Note: My point here, and elsewhere, on my blog and in my work, is to present information in as truthful a manner as I can, in order to raise questions and, hence, awareness. The truth is that there are more than ways than one to look at issues. Blindly accepting points of view only serves to further create differences and divisions between already factitious groups, because rigid adherence to some views serves to make you feel good, happy, secure, or even superior in your beliefs, ensconced safely in your clan, tribe, or club. One thing that seems to be happening in so much of culinary history these days is the acceptance of assumptions and the rush to putting one unalienable spin on theory and stating emphatically that that’s the only way to look at certain aspects of culinary history. And if you disagree, or point out fallacies and weaknesses and lack of documentation, that somehow you’re on the wrong side of the equation.
Rice cultivation played an astonishingly important role in the wealth and prosperity of South Carolina. You may have seen pictures of those many mansions strung like shining jewels along Charleston’s water front. They arose because of the profits of rice planters, their wealth made in part by the sweaty backs of their numerous slaves, as well as the planters’ business acumen. And you’ve probably heard about Carolina Gold Rice, sold principally by Anson Mills and other producers in South Carolina. It was this rice that sustained those planters economically, mostly English settlers who first made their way into South Carolina around 1670. By 1680, a number of French Huguenots joined them, followed by Sephardic Jews in the early- to mid-1700s. However, in spite of this influx of other population groups, the flavor of South Carolina basically remained English, for it was indeed one of Britain’s American colonies.
As with so much culinary history, legends surround the real story of the origins of rice in America. But there seems to be some truth to the story that a sea captain named John Thurber brought some seed rice from Madagascar in 1685, given to a Dr. Henry Woodward. Karen Hess gives credence to this story in her classic work, The Carolina Rice Kitchen (1992). Whatever the story of the beginnings, rice took off as a cash crop, so much so that by 1860, planter Robert F. W. Allston’s plantations produced 1.5 MILLION pounds of rice per year, with help from the labor of his slaves, over 630 of them.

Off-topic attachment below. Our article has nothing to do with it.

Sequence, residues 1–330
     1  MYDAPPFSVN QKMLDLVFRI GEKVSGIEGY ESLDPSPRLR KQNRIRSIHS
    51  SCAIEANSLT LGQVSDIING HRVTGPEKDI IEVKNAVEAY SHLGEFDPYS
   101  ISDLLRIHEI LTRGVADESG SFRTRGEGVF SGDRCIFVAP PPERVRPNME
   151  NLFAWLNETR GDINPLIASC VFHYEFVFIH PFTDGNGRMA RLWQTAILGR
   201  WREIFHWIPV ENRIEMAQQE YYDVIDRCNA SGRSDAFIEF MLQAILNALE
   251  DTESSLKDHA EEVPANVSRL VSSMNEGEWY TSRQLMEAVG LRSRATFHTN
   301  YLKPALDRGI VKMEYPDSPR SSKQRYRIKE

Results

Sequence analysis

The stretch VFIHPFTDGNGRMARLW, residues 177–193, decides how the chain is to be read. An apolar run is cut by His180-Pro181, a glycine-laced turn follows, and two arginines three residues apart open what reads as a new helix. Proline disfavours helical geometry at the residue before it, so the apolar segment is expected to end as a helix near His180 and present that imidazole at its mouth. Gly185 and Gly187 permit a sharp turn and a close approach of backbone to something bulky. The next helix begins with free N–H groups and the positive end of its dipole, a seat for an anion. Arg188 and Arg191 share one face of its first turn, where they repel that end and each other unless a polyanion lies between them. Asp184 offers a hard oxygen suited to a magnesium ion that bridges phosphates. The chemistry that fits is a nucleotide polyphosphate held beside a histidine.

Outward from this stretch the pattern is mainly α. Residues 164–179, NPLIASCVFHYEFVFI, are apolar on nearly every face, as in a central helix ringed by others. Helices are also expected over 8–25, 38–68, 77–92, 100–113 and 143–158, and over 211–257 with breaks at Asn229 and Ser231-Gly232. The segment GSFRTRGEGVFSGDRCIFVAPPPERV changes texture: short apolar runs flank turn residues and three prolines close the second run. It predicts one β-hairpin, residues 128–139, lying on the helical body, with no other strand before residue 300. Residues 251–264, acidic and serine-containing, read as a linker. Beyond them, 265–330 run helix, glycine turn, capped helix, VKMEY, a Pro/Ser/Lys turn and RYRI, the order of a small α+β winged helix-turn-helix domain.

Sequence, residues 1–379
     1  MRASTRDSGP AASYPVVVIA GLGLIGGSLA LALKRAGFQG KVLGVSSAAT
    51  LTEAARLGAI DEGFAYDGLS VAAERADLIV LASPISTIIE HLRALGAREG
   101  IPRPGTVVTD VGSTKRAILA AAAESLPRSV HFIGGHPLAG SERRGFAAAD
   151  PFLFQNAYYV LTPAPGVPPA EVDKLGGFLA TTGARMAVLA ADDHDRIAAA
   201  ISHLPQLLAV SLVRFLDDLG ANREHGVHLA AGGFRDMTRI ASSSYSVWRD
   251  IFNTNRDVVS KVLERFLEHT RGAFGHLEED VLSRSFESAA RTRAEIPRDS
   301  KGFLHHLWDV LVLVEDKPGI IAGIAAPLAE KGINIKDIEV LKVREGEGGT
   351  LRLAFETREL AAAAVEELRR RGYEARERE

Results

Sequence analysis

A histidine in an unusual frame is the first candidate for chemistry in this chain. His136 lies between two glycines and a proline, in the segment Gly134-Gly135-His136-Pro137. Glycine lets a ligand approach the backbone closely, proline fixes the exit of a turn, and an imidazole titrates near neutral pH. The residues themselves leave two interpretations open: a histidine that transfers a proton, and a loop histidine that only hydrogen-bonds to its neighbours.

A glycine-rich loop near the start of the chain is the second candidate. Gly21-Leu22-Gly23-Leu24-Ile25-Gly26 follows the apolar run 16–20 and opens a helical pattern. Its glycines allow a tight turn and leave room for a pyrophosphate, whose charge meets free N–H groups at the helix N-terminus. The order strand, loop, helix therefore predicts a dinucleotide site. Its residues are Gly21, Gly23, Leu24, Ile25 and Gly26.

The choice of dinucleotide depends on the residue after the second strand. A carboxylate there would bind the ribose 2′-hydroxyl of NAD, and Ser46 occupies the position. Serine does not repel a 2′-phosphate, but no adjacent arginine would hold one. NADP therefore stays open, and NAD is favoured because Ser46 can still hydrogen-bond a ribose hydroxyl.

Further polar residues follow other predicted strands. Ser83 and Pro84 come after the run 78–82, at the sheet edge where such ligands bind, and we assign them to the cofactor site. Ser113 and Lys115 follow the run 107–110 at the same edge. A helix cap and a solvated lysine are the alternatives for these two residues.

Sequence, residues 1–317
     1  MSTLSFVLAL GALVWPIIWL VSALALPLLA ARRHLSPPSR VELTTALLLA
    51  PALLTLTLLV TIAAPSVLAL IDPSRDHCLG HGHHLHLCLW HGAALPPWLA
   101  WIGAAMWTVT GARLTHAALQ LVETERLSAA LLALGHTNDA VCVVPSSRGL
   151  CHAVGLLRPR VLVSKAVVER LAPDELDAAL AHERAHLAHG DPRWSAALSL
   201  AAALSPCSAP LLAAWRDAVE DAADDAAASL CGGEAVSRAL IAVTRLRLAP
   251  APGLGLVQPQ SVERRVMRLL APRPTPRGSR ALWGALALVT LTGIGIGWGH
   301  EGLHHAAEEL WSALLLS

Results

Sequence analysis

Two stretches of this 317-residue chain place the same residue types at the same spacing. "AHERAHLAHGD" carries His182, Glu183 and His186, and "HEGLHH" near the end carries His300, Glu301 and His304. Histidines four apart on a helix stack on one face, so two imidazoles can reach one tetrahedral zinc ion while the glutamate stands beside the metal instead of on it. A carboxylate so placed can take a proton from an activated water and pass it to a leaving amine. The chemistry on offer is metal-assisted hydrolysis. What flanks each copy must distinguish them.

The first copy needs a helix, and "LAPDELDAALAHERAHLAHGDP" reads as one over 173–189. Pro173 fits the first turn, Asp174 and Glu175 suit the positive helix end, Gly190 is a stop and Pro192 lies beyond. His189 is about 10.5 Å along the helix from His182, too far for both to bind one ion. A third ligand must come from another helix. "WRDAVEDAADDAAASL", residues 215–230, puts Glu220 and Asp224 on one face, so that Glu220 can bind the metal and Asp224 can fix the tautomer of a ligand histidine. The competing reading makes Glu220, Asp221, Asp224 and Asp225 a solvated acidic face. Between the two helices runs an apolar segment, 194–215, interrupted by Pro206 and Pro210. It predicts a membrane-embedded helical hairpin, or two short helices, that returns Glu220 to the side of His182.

But there’s a very tumultuous story behind this rice, its production, and its legacy, one that continues today, especially in the groves of academe and on the street. It’s impossible here to cover the entire story that’s been unfolding, but I feel that it’s important to point out the revisionist work that’s occurring, to give you a taste of evolving thought and new theories.
A book recently appeared – Rice: Global Networks and New Histories, edited by Francesca Bray and others (Cambridge University Press, 2015) – with an article by Walter Hawthorne, “The cultural meaning of work: the ‘Black Rice Debate.'” Hawthorne has gone on record more or less supporting the work of Dr. Judith A. Carney, a geographer who’s a reigning theorist on rice cultivation and its origins in the American South and Brazil. Over 760 libraries own her book – Black Rice; the African Origins of Rice Cultivation in the Americas (2001) – and she’s cited often. Carney insisted that “rice cultivation in the Americas depended upon the diffusion of an entire cultural system, from production to consumption.” (Black Rice, p. 165) Yet, in the last several years, some scholars of the Atlantic World have begun to question her conclusions, particularly the idea that Africans exclusively contributed to the growing of rice in the New World. A summary of their comments appeared in an abstract in 2010, in the American Historical Review, the journal of the American Historical Association. The authors quote S. Max Edelson, who says, “Two critical technologies used to irrigate rice in the Lowcountry, freshwater swamp reservoirs and tidal floodgates, have European, not African, origins.” They hold that it was entirely “possible for rice-exporting economies to have existed in the Americas without input from the rice-growing cultures of Africa.” (AHR 115: 171, 2010) There’s more, all tremendously thought-provoking, not 100% definitive, but enough to raise a lot of questions about the assumptions that have been made about “black rice” and are still being made.
As you know at heart, and as the authors of this sober commentary say, “In challenging the ‘black rice’ thesis, however, we sought to place transatlantic slavery in the Atlantic context and to remind readers how imbalances in power between the enslaved and their owners molded the history of emergent American plantation societies under the influence of changing market conditions.” (AHR 115: 171, 2010)
That imbalance of power also reigned in the kitchen of the Big Houses on plantations.
Carney, Judith A. Black Rice: The African Origins of Rice Cultivation in the Americas (Harvard Univ. press, 2001)
Joyce Chaplin, An Anxious Pursuit: Agricultural Innovation and Modernity in the Lower South, 1730 -1815 (UNC Press, 1993)
Edelson, S. Max. “Beyond ‘Black Rice’: Reconstructing Material and Cultural Contexts for Early Plantation Agriculture,” American Historical Review, 115 (1): 125-135, 2010.
Eltis, David, Morgan, Philip, and Richardson, David. “Black, Brown, or White? Color-Coding American Commercial Rice Cultivation with Slave Labor.” American Historical Review 115 (1): 164 – 171, 2010.
Karen Hess, The Carolina Rice Kitchen: The African Connection (Univ. of South Carolina Press, 1992)
David C. Littlefield, Rice and Slaves (Univ. of Illinois Press, 1981)
© 2016 C. Bertelsen